‘It’s Me, Margaret’ — first a book, now a movie


“Are You There God? It’s Me, Margaret” plays at the M.V. Film Center on Thursday, May 4. What a pleasure to see the celebrated book by Judy Blume made into a movie. Early on, she even introduces a Hitchcock tactic, by appearing briefly in person as a passerby.

The film describes Margaret’s at times stressful coming of age. The viewers see her arriving home from camp in a big blue 1970s bus. The bad news is that thanks to her dad’s promotion, she’s leaving New York City for New Jersey.

Directed by Kelly Fremon Craig, the film stars Abby Ryder Fortson as 11-year-old Margaret Simon, on the brink of becoming a teenager. Her parents are played by a Christian, Barbara (Rachel McAdams), and a Jew, Herb (Benny Safdie), along with her pointedly Jewish grandmother Sylvia, played by Kathy Bates. Sylvia is, unfortunately, left behind in Manhattan, but Margaret visits her there.

Nancy (Elle Graham) introduces herself to Margaret practically as soon as Margaret arrives, as a domineering friend who invites her to run through the sprinklers and then to join the secret club where she is introduced to such matters as obsessions about breast size and which of the girls will menstruate first. Gretchen (Katherine Mallen Kupferer) and Janie (Amari Price) are the other members of the group, who introduce Margaret to youthful social pressures and those of the group’s lying, as well as their obsessions about boys. A schoolteacher shows the group a graphic film about sexuality that the girls chat about comically. This kind of genuine openness characterizes the world of preteens that the film describes.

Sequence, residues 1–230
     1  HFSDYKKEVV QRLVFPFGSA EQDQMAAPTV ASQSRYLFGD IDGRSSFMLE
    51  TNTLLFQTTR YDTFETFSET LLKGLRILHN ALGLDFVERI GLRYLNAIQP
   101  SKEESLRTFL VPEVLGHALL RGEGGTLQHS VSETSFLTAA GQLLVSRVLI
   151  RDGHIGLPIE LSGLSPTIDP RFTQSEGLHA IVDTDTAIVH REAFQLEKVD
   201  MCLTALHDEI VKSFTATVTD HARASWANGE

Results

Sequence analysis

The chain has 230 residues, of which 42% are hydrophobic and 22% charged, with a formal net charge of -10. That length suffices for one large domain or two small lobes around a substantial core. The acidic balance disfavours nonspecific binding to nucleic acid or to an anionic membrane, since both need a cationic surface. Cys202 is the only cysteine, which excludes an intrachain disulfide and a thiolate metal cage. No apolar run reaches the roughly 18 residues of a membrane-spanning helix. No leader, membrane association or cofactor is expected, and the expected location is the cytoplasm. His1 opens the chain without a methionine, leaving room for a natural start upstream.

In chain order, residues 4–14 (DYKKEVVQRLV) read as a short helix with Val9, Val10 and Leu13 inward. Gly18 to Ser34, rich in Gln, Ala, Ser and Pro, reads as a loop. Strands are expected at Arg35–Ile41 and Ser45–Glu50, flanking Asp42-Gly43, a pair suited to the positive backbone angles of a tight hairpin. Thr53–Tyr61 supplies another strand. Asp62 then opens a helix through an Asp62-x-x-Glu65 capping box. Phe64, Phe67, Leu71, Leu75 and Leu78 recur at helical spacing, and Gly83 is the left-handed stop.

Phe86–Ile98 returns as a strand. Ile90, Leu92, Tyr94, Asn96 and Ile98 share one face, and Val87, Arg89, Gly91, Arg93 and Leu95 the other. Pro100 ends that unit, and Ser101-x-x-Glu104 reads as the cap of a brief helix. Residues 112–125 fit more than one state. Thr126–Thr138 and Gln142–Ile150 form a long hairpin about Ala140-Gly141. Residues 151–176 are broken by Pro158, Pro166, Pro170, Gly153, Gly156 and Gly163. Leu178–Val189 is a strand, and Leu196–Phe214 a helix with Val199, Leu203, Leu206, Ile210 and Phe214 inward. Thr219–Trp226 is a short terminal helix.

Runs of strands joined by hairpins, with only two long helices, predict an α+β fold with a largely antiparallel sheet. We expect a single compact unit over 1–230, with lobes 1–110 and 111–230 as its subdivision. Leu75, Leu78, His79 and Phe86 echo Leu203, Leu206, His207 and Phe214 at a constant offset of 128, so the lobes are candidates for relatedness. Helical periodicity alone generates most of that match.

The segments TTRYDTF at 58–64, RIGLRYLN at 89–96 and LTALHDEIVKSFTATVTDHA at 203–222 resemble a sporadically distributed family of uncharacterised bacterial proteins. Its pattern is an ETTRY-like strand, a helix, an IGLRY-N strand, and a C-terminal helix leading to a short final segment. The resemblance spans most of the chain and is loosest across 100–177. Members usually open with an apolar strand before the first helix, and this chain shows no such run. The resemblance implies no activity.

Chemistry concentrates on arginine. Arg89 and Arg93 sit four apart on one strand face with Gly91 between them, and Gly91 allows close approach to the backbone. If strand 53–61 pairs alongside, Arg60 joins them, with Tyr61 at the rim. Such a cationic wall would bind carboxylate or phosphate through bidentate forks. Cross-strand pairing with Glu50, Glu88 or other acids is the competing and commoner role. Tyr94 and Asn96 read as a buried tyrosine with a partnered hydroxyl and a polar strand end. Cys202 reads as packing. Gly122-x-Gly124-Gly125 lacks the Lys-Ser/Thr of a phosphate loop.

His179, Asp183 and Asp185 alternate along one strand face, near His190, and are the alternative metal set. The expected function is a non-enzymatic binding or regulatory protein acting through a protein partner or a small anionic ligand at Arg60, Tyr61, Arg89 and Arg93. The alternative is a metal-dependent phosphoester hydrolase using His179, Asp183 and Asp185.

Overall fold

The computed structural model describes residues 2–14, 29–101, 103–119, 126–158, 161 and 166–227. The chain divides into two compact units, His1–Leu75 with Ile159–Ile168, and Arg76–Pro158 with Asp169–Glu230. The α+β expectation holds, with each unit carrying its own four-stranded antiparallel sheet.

A recurrent theme is Margaret’s questions about religion. Her parents have encouraged her to wait until she’s an adult to decide whether she’ll pick Christianity or Judaism, but Margaret has her own ideas about God, and talks to the deity throughout the film. This concern is especially because her mother’s parents have rejected her for marrying a Jew, and Margaret is caught in the middle of this conflict.

Nancy’s brother Evan (Landon S. Baxter) and his friend Moose (AidanWojtak-Hissong) illustrate in particular Nancy’s annoyance with siblings. The girls’ frustrations with the progress of their development lead to some funny scenes of getting training bras and exercising to the chant, “We must, we must, we must increase our busts,” followed by Evan and Moose catching them in the act. Scenes like this one keep the story light rather than too serious.

Margaret’s friends, especially Nancy, introduce her to the romantic world of boys, for instance when she plays spin the bottle at a party, and shares kisses with a popular boy. The four also gossip about Laura (Isol Young), whose body develops much sooner than theirs.

Religion remains a recurrent theme, with Margaret responding to the religious friction suggested by her parents and by writing about it in a class paper. Here Barbara comes into her own, through her frustration with PTA meetings and through a powerful scene when Barbara’s parents come to visit and an awkward dinner follows.

All in all, “Are You There God? It’s Me, Margaret” is a film which is a delight and well worth watching.

Information and tickets to “Are You There God? It’s Me, Margaret” are available at mvfilmsociety.com.